OKLAHOMA CITY - Robin Roberson has resigned as executive director of the state's unemployment agency.
Roberson submitted her resignation from the Oklahoma Employment Security Commission midday Friday after being encouraged to step down, she told The Oklahoman.
The commission's board met behind closed doors Friday to discuss hiring a new director, and they were planning to call a special meeting next week to replace her, Roberson said.
"I've been asked since last Tuesday to take extended leave until all this is over, and I can't just sit by and do that," Roberson said. "And I had five different phone calls yesterday encouraging me to do so before the (OESC) meeting this morning."
Senate Bill 2, a late addition to Monday's House agenda, passed 73-19 after 2½ hours of discussion and debate. It now returns to the Senate, which refused to hear the same language earlier this session.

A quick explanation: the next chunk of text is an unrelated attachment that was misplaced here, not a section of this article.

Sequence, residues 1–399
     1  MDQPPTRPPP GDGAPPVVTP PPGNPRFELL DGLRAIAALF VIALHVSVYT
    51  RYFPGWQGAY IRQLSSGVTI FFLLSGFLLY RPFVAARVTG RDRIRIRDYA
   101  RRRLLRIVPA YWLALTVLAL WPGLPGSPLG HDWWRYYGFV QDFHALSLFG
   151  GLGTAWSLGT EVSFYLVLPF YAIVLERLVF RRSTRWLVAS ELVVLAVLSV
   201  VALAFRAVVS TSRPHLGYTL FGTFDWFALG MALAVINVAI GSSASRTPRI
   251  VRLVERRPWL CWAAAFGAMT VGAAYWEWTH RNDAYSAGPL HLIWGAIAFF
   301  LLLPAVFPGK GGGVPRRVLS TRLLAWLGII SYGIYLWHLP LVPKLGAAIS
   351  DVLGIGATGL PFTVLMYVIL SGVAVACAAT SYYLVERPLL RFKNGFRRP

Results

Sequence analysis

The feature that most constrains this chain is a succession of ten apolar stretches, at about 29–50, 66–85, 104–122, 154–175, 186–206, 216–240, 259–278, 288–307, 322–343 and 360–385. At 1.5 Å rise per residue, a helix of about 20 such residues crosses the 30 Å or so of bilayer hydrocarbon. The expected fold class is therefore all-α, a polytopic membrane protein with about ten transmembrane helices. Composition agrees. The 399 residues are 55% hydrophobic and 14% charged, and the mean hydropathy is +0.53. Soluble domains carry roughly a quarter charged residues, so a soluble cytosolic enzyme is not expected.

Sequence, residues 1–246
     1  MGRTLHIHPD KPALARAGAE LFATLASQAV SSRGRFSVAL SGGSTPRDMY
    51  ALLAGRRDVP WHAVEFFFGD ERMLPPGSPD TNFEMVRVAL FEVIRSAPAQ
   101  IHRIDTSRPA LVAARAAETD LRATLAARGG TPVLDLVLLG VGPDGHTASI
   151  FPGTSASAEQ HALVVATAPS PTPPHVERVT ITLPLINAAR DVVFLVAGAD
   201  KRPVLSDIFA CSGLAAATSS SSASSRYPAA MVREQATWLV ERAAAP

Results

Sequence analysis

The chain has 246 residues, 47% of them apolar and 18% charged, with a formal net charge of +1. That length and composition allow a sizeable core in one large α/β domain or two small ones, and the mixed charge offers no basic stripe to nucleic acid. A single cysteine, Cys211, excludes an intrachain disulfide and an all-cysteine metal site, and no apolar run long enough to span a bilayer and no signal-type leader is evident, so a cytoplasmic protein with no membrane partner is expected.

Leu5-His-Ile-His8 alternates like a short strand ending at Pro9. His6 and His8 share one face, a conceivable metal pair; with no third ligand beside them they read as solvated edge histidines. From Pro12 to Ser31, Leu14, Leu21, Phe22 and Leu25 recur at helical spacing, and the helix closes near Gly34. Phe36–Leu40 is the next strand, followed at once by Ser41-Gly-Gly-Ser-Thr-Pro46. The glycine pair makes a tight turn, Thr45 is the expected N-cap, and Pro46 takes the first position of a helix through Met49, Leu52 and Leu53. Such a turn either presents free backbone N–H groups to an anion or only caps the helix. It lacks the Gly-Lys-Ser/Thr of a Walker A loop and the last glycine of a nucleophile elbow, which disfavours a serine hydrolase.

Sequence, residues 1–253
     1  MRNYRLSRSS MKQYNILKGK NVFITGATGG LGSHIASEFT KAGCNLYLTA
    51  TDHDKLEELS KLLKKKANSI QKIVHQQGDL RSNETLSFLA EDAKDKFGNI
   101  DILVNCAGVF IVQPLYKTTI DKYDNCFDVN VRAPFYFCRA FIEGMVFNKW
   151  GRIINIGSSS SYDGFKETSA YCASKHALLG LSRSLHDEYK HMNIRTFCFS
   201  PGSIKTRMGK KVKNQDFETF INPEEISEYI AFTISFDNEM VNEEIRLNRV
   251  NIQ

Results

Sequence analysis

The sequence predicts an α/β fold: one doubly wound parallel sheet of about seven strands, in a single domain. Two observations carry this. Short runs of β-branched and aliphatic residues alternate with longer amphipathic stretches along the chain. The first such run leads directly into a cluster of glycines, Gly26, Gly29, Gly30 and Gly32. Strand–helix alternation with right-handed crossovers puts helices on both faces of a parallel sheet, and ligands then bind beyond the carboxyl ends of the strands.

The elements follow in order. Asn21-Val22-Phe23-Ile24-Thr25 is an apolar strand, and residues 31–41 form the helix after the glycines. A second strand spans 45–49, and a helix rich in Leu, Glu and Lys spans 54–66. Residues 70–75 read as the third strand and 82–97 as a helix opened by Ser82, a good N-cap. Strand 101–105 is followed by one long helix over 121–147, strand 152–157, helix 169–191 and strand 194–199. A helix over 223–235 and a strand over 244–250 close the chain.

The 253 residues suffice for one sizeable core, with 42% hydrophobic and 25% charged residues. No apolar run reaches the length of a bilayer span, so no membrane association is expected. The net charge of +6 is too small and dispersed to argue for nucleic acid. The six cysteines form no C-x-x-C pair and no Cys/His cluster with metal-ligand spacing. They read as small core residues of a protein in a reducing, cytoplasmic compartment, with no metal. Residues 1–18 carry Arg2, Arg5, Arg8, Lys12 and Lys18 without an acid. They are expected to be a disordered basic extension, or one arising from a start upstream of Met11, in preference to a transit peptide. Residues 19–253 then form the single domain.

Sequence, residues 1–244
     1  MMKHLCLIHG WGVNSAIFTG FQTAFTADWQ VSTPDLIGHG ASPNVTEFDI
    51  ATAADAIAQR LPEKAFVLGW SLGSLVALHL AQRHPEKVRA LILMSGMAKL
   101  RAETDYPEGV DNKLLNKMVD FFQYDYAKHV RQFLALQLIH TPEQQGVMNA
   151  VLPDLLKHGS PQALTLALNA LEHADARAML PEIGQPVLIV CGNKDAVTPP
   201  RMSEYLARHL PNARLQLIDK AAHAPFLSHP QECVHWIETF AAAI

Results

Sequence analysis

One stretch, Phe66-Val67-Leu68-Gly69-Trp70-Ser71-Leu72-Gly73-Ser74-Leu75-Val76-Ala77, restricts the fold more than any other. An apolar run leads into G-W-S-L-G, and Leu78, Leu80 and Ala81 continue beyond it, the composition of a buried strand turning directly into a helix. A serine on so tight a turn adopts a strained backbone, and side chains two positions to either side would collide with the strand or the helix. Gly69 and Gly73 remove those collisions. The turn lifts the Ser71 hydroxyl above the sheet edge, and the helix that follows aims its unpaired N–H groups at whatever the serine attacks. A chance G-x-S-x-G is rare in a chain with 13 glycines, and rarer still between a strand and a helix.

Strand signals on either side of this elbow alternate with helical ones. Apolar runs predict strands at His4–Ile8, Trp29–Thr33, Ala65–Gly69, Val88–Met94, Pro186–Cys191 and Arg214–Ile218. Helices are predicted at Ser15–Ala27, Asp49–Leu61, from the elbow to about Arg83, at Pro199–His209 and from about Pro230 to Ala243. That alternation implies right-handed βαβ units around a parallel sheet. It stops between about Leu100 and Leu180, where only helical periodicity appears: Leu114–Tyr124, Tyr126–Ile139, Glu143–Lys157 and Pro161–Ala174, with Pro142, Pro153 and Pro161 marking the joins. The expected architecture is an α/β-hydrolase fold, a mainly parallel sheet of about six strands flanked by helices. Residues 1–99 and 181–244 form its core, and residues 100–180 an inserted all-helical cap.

"It is best not to get COVID," said Dr. Stan Schwartz, CEO at WellOK, The Northeastern Oklahoma Business Coalition on Health, as he discussed the University of Oxford research. "It's not a matter of you get well or you get dead, you can have long-term complications."
The ongoing COVID-19 pandemic resulted in a loss of revenue for some service and health-oriented industries, but statistics show that workers in Oklahoma's legal medical cannabis industry now exceed the number of construction workers.
The Oklahoma Employment Security Commission reported that nearly 18,000 Oklahoma workers filed initial claims for unemployment benefits during the week ending Saturday. During the prior week, 13,852 sought benefits for the first time.
Among the bills passed was one requested by the Tulsa County Sheriff's Office. Senate Bill 87, by Sen. John Haste, R-Broken Arrow, would authorize counties to establish diversion programs for people in possession of controlled dangerous substances.